Impact Statement

This study paper explores the profound teachings of Buddhism and provides a thorough examination of the ways in which these age-old ideas might promote harmony and peace in modern society. Through an examination of the fundamental principles of mindfulness, compassion, and non-attachment, this article clarifies doable tactics that people and groups may use to foster inner serenity and peaceful relationships. The study emphasizes how useful Buddhist practices are for dealing with contemporary issues including stress, conflict, and societal disintegration. Through the incorporation of these ancient wisdoms into everyday life, readers are provided with the means to improve their mental health, cultivate empathy, and build a society that is more compassionate and united. For academics, practitioners, and anyone else interested in learning more about the ways in which Buddhist philosophy might promote world peace and harmony, this article is an invaluable resource. The information offered has the power to bring about profound shifts in both individual and social perspectives, advancing a peaceful and harmonious global culture.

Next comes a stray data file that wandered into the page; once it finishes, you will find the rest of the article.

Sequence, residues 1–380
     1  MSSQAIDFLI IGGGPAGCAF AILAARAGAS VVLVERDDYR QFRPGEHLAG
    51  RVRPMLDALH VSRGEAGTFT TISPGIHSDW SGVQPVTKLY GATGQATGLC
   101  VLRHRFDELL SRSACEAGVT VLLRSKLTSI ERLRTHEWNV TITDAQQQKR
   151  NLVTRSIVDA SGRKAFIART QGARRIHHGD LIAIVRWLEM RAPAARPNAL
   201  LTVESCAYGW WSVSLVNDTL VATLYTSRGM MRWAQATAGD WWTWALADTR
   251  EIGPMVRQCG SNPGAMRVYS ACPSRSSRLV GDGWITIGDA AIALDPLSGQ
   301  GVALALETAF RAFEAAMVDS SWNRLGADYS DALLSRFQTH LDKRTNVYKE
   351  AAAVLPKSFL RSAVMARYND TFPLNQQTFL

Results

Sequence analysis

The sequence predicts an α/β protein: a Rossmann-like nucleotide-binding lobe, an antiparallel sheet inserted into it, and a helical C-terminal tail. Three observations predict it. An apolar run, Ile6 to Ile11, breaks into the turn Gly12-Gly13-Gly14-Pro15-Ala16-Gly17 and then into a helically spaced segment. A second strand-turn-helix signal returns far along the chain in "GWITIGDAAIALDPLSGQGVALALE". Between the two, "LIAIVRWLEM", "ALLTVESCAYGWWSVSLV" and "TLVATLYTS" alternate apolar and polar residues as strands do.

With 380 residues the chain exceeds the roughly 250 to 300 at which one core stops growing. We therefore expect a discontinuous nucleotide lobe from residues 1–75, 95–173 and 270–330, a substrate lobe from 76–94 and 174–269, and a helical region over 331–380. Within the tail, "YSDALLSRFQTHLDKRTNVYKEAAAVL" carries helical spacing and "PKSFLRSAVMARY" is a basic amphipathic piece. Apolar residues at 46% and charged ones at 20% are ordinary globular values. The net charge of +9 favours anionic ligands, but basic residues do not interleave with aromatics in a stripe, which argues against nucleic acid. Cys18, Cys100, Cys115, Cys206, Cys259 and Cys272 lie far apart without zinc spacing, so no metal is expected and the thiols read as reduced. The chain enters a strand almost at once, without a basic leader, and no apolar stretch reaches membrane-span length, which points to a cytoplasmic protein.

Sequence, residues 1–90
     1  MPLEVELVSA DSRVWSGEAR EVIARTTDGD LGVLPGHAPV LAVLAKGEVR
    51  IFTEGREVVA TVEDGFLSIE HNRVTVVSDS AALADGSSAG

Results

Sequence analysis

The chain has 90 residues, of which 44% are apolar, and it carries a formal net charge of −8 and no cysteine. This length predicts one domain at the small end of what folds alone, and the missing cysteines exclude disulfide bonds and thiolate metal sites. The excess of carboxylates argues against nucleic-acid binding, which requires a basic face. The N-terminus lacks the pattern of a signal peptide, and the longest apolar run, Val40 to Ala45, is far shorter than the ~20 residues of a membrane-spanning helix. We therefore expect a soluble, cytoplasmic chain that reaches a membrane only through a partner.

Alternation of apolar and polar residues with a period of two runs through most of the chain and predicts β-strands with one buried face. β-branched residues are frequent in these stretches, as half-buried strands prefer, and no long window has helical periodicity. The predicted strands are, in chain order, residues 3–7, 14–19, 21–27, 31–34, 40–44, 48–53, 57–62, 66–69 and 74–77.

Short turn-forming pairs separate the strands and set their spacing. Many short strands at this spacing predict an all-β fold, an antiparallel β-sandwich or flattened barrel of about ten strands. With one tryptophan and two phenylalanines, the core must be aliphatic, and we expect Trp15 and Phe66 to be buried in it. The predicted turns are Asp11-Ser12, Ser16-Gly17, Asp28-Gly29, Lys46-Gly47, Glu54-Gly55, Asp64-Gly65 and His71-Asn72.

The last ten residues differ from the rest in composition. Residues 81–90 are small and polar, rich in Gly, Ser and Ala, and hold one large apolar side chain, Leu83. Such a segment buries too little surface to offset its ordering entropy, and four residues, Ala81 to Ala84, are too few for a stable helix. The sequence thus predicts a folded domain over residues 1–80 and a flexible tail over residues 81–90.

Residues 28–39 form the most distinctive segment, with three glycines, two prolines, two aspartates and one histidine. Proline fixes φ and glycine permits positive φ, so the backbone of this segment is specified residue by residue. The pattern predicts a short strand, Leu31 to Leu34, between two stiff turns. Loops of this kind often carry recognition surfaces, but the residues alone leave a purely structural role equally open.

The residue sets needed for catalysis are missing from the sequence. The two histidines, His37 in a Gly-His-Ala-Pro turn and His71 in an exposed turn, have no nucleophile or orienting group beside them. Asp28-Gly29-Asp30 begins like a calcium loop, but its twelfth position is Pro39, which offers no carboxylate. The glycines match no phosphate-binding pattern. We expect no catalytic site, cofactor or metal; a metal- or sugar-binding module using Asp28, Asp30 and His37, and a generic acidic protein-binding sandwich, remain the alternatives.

About Author

Ms. Simmin Bawa is the Head of the Department of Philosophy at Jai Hind College. Prof. Bawa has made important contributions to the discipline due to her strong interest in applying ancient philosophical principles to current living. Her study involves a thorough examination of the Kamasutra, with an emphasis on the sensuous and sexual lives of individuals during the Grihastha ashrama, as well as the text’s insights about women’s financial independence. She has also written on Gandhian ideas in ethical entrepreneurship, which emphasize truth and nonviolence in corporate processes. Miss Bawa also explores the significance of meditation in education from a Krishnamurti standpoint, highlighting its effect on emotional well-being. Her multidisciplinary approach bridges the gap between ancient philosophy and current practical applications, encouraging overall well-being and ethical living.


  1. Abe, M. (August 1967). Zen and compassion. Eastern Buddhist. JSTOR., 2, no. 1, Eastern Buddhist Society, 54–68.